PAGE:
Prescribing medical abortions across state lines is now risky for doctors. "We're talking about something that's a protected right in one state and a felony in a sister state," says one legal scholar.
A Fulton County judge could soon decide whether to once again temporarily block Georgia’s six-week abortion ban, which a federal appeals court allowed to take effect last month.
Dr Atul Gawande, the surgeon and bestselling health writer talks, to NPR about the problems he has inherited as the new head of USAID's global health office.
The clinic is now headed to Las Cruces, New Mexico, about 40 miles north of El Paso, Texas.
Anti-vaccine advocates have repurposed a catchy, succinct, and potent slogan. Its unlikely source: the reproductive rights movement, which has been linked to the phrase for more than 50 years.
Condé Nast CEO Roger Lynch calls it a "crushing blow" and says in an internal memo to employees of Vogue, New Yorker and Vanity Fair among others to use their journalism to respond to the moment.
Some nonprofit groups have welcomed the U.S. Supreme Court decision. But many global reproductive and women's rights groups condemned the ruling.
Despite gaining national traction in the 1970s, the history of the anti-abortion movement in the U.S. goes back more than a century before the landmark Supreme Court decision.
Rules around the country cut out unmarried women and LGBT people of maternity benefits, even as China's leaders try to get citizens to have more babies to reverse the declining birthrate.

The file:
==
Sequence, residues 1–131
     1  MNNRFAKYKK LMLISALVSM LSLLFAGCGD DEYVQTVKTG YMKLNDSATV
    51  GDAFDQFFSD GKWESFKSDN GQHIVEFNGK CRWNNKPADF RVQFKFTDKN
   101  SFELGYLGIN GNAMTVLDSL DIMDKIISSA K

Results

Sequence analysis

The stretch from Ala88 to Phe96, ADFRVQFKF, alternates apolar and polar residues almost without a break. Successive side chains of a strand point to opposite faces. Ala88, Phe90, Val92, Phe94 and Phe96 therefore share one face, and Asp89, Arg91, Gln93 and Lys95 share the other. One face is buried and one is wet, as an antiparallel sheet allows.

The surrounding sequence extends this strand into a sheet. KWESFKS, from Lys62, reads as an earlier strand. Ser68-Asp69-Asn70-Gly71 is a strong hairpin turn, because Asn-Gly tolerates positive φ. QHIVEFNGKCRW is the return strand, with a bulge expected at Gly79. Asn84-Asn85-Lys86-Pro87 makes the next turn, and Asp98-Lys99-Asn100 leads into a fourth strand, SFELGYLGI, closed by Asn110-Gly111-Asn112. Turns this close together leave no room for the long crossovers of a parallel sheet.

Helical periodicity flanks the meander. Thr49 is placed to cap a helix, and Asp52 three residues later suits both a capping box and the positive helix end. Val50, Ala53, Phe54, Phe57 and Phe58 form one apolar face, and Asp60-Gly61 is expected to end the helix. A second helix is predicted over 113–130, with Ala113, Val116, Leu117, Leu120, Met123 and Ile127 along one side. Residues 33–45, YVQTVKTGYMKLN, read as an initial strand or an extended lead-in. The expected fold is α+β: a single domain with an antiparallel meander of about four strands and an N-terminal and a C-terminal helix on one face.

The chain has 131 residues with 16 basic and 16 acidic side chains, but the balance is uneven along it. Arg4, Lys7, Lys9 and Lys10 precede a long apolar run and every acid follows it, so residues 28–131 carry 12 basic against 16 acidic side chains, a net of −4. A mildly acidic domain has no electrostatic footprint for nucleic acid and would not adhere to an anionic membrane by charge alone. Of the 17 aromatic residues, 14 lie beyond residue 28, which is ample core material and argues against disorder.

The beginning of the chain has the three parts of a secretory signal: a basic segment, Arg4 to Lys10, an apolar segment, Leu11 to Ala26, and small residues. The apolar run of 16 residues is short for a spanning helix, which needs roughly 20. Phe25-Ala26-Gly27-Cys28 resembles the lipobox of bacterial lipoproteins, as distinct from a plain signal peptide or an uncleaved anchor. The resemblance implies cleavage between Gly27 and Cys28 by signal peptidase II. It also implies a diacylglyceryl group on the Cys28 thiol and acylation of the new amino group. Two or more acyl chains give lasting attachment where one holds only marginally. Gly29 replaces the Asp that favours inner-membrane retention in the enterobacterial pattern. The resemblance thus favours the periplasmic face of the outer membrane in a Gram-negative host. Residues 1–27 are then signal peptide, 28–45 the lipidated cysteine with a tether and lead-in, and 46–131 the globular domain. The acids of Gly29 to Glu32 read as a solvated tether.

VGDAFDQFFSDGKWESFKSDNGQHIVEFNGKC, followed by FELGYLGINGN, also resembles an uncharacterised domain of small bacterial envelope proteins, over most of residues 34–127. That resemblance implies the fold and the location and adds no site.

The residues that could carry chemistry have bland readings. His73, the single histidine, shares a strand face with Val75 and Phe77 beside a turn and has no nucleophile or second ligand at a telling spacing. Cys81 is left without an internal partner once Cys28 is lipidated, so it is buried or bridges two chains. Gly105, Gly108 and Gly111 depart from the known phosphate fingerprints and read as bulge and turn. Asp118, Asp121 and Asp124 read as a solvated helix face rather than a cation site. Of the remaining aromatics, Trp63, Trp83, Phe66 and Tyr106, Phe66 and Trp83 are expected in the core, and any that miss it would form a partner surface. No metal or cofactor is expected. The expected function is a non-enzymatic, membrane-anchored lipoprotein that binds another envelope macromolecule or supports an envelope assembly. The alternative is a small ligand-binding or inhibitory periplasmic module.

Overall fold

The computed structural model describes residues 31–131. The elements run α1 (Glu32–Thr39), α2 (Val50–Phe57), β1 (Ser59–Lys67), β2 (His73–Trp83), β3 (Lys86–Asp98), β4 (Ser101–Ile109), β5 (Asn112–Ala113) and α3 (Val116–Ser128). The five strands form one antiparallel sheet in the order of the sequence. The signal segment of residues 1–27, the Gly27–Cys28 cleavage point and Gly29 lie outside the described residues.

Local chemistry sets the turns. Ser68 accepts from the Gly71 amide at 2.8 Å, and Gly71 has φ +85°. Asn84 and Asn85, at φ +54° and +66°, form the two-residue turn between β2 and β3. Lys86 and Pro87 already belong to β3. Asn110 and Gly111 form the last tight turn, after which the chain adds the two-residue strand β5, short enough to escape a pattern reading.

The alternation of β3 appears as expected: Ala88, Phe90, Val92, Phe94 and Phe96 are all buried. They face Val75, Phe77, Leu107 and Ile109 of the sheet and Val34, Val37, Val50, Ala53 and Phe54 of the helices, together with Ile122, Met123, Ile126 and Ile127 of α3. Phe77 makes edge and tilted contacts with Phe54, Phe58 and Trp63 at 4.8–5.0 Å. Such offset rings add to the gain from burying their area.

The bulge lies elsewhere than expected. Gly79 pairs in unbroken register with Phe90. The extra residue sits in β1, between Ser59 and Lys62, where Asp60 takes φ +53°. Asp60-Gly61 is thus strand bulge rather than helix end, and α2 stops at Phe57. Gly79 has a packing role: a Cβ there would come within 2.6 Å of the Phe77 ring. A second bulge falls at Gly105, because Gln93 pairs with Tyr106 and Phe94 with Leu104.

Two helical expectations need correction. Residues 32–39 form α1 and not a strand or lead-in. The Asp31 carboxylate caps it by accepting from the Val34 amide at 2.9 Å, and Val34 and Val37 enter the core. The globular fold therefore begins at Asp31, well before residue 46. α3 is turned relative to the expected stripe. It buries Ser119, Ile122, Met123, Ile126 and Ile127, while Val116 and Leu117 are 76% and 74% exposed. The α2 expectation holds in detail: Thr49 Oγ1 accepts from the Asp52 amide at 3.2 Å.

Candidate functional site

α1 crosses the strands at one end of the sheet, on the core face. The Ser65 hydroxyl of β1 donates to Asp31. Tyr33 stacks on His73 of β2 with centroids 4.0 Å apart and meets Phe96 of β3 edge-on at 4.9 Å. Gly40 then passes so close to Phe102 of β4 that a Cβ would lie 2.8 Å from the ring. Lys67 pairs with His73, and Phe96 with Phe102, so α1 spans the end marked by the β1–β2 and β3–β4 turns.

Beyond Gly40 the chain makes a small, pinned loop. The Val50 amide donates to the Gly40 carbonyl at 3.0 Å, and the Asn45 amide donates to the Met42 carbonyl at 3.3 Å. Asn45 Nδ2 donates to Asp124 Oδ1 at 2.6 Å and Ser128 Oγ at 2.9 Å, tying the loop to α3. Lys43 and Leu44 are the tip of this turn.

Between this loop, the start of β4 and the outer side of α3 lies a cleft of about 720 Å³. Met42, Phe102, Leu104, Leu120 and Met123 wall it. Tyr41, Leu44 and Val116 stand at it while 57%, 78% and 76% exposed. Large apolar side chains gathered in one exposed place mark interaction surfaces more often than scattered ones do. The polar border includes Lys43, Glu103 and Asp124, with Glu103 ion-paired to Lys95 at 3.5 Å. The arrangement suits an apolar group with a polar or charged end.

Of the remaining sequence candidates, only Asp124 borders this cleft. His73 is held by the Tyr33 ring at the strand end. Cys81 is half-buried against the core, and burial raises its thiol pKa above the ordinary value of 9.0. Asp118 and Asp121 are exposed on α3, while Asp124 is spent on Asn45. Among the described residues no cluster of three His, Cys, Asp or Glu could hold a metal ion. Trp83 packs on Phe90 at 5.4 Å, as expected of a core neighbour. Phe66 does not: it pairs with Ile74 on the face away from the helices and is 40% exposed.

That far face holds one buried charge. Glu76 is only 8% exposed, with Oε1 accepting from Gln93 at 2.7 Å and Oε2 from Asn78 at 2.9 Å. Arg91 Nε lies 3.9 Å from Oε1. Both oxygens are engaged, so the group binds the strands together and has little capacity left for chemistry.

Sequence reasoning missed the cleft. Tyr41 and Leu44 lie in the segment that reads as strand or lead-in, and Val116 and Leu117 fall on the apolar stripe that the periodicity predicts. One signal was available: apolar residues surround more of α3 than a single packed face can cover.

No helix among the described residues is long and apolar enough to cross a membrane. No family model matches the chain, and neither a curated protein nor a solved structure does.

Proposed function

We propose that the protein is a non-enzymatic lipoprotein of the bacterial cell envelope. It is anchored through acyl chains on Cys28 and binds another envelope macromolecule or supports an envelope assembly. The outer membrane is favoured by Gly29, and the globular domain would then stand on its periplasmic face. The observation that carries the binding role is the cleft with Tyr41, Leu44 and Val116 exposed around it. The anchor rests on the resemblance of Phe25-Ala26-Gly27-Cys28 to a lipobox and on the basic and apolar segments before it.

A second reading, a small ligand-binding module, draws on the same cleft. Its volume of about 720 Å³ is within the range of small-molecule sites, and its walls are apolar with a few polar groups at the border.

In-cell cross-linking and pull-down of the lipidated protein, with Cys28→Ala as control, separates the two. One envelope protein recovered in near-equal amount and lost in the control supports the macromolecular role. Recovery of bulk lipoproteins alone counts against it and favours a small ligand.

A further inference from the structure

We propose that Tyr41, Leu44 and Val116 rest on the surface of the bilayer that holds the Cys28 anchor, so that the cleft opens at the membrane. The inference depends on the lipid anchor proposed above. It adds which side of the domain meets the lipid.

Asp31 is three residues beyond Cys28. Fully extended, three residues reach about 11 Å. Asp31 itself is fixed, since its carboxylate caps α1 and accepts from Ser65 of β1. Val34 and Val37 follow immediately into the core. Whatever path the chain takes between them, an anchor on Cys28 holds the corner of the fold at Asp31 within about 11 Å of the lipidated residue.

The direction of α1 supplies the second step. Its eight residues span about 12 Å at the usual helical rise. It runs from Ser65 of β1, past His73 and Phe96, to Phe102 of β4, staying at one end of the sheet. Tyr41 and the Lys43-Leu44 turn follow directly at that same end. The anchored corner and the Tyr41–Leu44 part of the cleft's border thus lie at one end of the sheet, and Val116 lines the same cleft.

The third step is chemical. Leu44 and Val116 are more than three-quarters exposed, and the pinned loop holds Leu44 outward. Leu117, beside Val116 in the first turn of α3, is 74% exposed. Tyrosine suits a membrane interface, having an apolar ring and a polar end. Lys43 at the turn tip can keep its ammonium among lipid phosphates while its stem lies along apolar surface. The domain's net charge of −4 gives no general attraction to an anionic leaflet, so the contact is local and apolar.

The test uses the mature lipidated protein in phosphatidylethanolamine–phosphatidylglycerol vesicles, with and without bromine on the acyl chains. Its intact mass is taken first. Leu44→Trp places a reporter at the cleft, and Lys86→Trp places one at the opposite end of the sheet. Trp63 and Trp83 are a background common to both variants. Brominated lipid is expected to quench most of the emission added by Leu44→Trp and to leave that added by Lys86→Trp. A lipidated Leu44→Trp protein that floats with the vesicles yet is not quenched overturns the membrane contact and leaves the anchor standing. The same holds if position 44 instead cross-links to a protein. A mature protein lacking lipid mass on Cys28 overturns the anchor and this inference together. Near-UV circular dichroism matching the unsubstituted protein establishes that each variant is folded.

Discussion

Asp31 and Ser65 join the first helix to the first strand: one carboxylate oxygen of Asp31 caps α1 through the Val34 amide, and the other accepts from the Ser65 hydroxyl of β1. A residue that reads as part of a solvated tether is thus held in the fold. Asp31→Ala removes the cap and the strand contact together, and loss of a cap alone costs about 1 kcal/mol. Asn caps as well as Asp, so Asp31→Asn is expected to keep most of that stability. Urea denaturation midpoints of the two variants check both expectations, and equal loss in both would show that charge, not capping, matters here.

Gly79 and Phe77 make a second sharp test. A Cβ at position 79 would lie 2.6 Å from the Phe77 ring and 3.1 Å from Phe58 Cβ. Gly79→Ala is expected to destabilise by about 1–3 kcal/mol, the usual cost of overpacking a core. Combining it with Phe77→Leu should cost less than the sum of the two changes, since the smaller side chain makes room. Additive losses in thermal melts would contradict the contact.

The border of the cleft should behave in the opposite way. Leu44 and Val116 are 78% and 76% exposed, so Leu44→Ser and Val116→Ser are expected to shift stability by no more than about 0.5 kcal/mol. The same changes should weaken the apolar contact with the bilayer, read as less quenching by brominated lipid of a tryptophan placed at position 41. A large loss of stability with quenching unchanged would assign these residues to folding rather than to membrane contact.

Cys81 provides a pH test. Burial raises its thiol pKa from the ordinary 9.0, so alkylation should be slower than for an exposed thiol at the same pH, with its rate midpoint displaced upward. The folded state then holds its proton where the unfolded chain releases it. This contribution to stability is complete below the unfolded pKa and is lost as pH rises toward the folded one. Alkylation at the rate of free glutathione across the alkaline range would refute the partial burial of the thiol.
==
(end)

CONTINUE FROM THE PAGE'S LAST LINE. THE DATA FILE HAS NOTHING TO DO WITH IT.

The bill would ban most abortions as early as around six weeks, allow people to sue anyone who helps end a pregnancy after that point and fine physicians $10,000 for each such abortion they perform.
Carafem, which operates clinics in Georgia, Illinois, Tennessee and Maryland, began mailing abortion pills to patients in Georgia in 2019 when it joined the TelAbortion study, an ongoing project run by the reproductive health nonprofit Gynuity that received federal permission to study the safety of telemedicine abortions.
Some people have reported getting a lighter or heavier period after getting a COVID-19 vaccine. Cause for concern? Doctors say no. Could it be a temporary side effect? That's harder to determine.
U.S. Olympic heptathlete Annie Kunz says tracking her monthly cycles and learning she needs to eat more and get more naps when she's fatigued has already improved her athletic performance.
MIT bioengineer Linda Griffith spent years in debilitating pain before she was diagnosed with a condition often neglected in research. Her focus on the basic biology could lead to better treatments.